Nicotinamide phosphoribosyltransferase (Nampt) inhibitors such as FK866 are potent inhibitors of NAD+ synthesis that show promise for the treatment of different forms of cancer. Based on Nampt upregulation in activated T lymphocytes and on preliminary reports of lymphopenia in FK866 treated patients, we have investigated FK866 for its capacity to interfere with T lymphocyte function and survival. Intracellular pyridine nucleotides, ATP, mitochondrial function, viability, proliferation, activation markers and cytokine secretion were assessed in resting and in activated human T lymphocytes. In addition, we used experimental autoimmune encephalomyelitis (EAE) as a model of T-cell mediated autoimmune disease to assess FK866 efficacy in vivo. We show that activated, but not resting, T lymphocytes undergo massive NAD+ depletion upon FK866-mediated Nampt inhibition. As a consequence, impaired proliferation, reduced IFN-γ and TNF-α production, and finally autophagic cell demise result. We demonstrate that upregulation of the NAD+-degrading enzyme poly-(ADP-ribose)-polymerase (PARP) by activated T cells enhances their susceptibility to NAD+ depletion. In addition, we relate defective IFN-γ and TNF-α production in response to FK866 to impaired Sirt6 activity. Finally, we show that FK866 strikingly reduces the neurological damage and the clinical manifestations of EAE. In conclusion, Nampt inhibitors (and possibly Sirt6 inhibitors) could be used to modulate T cell-mediated immune responses and thereby be beneficial in immune-mediated disorders.
Ageing, or increased mortality with time, coupled with physiologic decline, is a nearly universal yet poorly understood biological phenomenon. Studies in model organisms suggest that two conserved pathways modulate longevity: DNA damage repair and insulin/Igf1-like signaling. In addition, homologs of yeast Sir2 – the sirtuins – regulate lifespan in diverse organisms. Here, we focus on one particular sirtuin, SIRT6. Mice lacking SIRT6 develop a degenerative disorder that in some respects mimics models of accelerated ageing . We discuss how sirtuins in general and SIRT6 specifically relate to other evolutionarily conserved pathways affecting ageing, and how SIRT6 might function to ensure organismal homeostasis and normal lifespan.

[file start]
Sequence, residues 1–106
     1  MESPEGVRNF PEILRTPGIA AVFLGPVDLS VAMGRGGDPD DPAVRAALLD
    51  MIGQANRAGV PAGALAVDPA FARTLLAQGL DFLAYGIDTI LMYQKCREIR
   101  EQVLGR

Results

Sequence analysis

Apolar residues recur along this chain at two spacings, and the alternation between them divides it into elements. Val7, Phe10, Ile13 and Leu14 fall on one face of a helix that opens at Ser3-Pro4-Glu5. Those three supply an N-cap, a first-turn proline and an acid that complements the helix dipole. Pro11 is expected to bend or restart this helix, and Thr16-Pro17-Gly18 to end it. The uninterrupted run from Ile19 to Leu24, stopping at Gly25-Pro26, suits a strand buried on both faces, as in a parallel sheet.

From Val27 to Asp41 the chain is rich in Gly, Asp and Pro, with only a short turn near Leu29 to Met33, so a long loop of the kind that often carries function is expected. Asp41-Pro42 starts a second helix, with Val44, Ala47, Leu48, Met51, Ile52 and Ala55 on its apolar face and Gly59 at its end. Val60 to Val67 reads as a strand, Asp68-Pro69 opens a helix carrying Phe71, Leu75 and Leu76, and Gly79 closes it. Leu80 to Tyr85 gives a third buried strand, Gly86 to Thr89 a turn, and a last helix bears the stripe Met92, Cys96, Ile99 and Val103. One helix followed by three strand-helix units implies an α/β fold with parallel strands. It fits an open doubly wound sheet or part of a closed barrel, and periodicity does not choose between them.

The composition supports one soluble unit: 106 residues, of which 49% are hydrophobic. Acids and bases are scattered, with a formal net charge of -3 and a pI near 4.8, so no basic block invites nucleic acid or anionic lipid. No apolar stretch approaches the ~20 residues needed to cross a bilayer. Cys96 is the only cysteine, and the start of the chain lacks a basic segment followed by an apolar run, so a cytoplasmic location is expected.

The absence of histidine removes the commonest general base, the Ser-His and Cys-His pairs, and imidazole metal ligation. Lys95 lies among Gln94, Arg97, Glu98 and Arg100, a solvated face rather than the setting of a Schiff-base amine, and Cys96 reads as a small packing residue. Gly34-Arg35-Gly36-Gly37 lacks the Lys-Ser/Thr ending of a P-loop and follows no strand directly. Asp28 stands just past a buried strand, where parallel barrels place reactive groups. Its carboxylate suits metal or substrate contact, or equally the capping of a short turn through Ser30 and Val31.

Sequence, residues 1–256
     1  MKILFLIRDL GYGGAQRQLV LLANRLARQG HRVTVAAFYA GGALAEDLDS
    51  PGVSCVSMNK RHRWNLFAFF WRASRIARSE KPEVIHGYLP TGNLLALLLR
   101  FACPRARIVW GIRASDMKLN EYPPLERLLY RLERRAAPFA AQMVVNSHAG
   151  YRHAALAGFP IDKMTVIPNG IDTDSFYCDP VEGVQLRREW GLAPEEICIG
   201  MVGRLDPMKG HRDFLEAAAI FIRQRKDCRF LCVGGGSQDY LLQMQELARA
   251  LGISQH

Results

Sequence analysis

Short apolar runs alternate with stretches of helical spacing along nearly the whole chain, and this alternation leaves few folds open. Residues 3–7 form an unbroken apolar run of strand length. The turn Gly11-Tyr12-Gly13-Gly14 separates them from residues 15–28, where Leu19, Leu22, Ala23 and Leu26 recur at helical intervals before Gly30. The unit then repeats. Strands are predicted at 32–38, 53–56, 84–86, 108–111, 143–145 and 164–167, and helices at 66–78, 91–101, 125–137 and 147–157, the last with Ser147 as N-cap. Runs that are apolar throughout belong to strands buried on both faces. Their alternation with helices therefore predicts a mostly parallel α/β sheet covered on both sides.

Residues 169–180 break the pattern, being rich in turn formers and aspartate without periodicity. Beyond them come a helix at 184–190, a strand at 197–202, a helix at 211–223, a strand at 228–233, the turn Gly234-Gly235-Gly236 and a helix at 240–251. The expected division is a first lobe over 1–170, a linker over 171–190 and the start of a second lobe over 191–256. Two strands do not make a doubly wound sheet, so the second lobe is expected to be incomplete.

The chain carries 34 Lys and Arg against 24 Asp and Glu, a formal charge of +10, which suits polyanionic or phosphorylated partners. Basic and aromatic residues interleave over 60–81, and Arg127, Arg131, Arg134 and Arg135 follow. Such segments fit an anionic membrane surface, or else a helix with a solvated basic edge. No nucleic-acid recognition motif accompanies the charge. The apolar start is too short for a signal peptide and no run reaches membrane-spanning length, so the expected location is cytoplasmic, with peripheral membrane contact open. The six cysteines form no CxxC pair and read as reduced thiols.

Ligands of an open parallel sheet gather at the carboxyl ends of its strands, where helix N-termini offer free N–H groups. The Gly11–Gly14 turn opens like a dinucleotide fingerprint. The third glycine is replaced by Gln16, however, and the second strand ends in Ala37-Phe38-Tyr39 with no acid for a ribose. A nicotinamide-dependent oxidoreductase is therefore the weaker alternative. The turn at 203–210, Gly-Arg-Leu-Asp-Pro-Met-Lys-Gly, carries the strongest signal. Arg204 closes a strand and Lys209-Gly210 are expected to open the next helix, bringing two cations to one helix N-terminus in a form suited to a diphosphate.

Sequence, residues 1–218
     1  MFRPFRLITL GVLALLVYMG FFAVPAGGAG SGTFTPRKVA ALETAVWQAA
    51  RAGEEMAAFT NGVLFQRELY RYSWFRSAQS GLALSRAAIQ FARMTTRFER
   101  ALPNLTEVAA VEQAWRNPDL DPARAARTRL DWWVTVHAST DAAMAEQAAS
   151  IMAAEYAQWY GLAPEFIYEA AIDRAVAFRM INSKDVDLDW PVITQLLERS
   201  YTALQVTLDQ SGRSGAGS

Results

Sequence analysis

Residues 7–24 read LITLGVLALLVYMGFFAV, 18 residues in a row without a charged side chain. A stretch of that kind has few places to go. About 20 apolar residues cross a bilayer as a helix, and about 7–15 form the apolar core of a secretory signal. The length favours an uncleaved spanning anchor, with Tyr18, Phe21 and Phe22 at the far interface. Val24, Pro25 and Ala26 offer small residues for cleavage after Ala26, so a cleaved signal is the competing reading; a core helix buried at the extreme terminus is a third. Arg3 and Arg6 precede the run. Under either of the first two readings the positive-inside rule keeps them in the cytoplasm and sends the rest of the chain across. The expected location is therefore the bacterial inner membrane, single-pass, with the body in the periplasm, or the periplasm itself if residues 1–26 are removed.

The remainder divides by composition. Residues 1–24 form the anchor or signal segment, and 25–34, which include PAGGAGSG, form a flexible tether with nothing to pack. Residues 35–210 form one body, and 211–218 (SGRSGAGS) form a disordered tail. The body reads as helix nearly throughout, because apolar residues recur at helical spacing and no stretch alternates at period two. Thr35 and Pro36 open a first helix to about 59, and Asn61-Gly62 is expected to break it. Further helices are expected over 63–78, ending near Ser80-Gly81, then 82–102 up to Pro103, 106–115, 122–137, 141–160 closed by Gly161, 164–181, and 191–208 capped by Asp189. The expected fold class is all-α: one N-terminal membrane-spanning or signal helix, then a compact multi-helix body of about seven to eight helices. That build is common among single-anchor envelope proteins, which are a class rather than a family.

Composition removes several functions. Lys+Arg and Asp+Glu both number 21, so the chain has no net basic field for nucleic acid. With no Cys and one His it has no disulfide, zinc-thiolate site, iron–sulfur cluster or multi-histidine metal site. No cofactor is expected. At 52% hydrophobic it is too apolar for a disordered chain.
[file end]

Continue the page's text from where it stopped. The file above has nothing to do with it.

Ageing; DNA Damage; Metabolism
Homologs of the Saccharomyces cerevisiae Sir2 protein, sirtuins, promote longevity in many organisms. Studies of the sirtuin SIRT3 have so far been limited to cell culture systems. Here, we investigate the localization and function of SIRT3 in vivo. We show that endogenous mouse SIRT3 is a soluble mitochondrial protein. To address the function and relevance of SIRT3 in the regulation of energy metabolism, we generated and phenotypically characterized SIRT3 knockout mice. SIRT3-deficient animals exhibit striking mitochondrial protein hyperacetylation, suggesting that SIRT3 is a major mitochondrial deacetylase. In contrast, no mitochondrial hyperacetylation was detectable in mice lacking the two other mitochondrial sirtuins, SIRT4 and SIRT5. Surprisingly, despite this biochemical phenotype, SIRT3-deficient mice are metabolically unremarkable under basal conditions and show normal adaptive thermogenesis, a process previously suggested to involve SIRT3. Overall, our results extend the recent finding of lysine acetylation of mitochondrial proteins and demonstrate that SIRT3 has evolved to control reversible lysine acetylation in this organelle.